Overview

Underneath the Ohmni Android app that runs the video and communications, we have Native JS: a node.js based control infrastructure that makes it easy for you to modify the native behavior of Ohmni.

The NativeJS files are under the directory:

/data/data/com.ohmnilabs.telebot_rtc/files/assets/node-files

You can go to this directory in the shell and look around.

NOTE: when the bot starts, we re-normalize the files under assets/node-files to ensure proper running of the system. If you want your filesystem to be persistent, add the following empty file.

cd /data/data/com.ohmnilabs.telebot_rtc/files/
touch .systemdev; touch .isunpack

This will prevent Ohmni’s OTA updates, so remember to remove the files and copy your changes out of Ohmni before doing OTA updates.

The entry point when running is app.js. This is what's automatically run by the system when Ohmni boots up, and it runs forever in the background and communicates with our Android application via a local socket.

BotShell

The main API for NativeJS is provided via the BotShell class - code in bot_shell.js.

Essentially, NativeJS runs UNIX, TCP, and WebSocket servers that all speak the same simple protocol. The protocol is a shell-like, newline terminated protocol. All functions in bot_shell.js prefixed with cmd_ are automatically callable.

The easiest way to try out sending commands is to go to /data/data/com.ohmnilabs.telebot_rtc/files/assets/node-files and then run:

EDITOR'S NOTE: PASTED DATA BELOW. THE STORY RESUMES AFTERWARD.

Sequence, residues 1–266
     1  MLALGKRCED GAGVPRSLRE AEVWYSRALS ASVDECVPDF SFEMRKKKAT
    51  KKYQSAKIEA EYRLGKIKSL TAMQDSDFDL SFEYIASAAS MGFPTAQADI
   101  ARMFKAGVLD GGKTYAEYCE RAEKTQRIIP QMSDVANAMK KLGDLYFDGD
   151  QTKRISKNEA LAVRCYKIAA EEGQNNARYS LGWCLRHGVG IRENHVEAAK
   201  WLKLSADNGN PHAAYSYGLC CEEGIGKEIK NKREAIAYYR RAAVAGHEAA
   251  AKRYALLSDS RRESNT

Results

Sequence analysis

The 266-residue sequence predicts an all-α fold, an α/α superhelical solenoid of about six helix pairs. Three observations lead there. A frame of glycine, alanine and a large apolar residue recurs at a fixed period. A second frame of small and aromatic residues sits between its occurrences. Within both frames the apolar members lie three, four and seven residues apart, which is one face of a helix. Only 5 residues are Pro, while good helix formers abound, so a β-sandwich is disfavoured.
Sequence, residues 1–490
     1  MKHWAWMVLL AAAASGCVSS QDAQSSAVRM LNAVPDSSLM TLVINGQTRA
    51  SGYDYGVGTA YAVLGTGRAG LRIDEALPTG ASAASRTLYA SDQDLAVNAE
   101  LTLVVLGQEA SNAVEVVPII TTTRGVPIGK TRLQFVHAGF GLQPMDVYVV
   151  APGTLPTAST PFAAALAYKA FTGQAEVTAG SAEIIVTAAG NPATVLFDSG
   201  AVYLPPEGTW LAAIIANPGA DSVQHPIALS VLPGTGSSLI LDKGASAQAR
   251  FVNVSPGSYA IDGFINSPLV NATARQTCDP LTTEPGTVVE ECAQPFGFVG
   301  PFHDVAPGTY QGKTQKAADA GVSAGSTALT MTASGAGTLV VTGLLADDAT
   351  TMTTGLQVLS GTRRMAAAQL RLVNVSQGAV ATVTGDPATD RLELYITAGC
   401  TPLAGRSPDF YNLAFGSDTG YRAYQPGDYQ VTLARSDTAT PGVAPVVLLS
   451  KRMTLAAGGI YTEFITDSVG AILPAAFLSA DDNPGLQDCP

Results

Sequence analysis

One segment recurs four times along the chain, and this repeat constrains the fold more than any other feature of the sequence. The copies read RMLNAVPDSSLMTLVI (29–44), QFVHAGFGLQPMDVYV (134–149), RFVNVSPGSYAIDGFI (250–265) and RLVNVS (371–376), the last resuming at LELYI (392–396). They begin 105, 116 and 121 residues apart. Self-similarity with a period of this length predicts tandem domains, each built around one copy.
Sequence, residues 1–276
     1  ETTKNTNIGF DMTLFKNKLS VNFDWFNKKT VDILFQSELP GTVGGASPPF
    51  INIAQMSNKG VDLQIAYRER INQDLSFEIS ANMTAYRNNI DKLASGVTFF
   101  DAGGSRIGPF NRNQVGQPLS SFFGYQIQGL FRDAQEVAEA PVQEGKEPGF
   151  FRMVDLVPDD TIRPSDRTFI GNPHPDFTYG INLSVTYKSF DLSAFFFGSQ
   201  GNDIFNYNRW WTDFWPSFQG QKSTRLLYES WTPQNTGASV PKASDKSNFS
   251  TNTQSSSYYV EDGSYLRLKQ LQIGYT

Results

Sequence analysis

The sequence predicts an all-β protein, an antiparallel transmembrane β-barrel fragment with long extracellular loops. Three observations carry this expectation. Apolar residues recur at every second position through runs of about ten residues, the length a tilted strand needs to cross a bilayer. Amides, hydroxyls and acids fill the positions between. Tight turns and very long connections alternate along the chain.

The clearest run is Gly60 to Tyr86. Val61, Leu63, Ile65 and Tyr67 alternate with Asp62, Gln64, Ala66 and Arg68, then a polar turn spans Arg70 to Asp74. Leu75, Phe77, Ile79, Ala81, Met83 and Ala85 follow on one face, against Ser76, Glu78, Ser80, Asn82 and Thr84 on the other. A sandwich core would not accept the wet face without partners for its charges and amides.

./node bot_shell_client.js

You can format newline terminated text commands and send them over to trigger whatever motion or behavior you want.

You can also connect to bot_shell.sock directly and send commands over the socket.

const net = require('net');
const botShellSockPath = "../../../bot_shell.sock"
const socket = net.createConnection({ path: botShellSockPath }, () => {
  console.log("Connected to the bot shell socket");
});
socket.on('connect', () => {
  socket.write("torque 3 on\n");
  socket.end();
});

NOTE: Use only bot_shell commands that are documented below, Using any other commands can brick your unit or put it into a bad state.

API Reference

SID values for motor, servos and LED

  • 3: neck.
  • 0|1:left wheel or right wheel
  • 20: LED

- init

Enable the neck servo and wheels

- sleep

Disable the neck servo and wheels

- reboot [sid]

Restart a component

  • sid: id of the component

Example:

reboot 1

- torque [sid] [state]

Set a component to be enabled or disabled

  • sid: id of the component
  • state: the state of the component on or off

Example:

torque 3 on

- pos [sid] [position] [time]

Set neck position for the bot

  • sid: id of the component. See list of sid
  • position: Neck position in the range of 300 (looking down 90) to 650 (looking up)
  • time: time to move the neck in millisecond

Example:

pos 3 400 200

- wake_head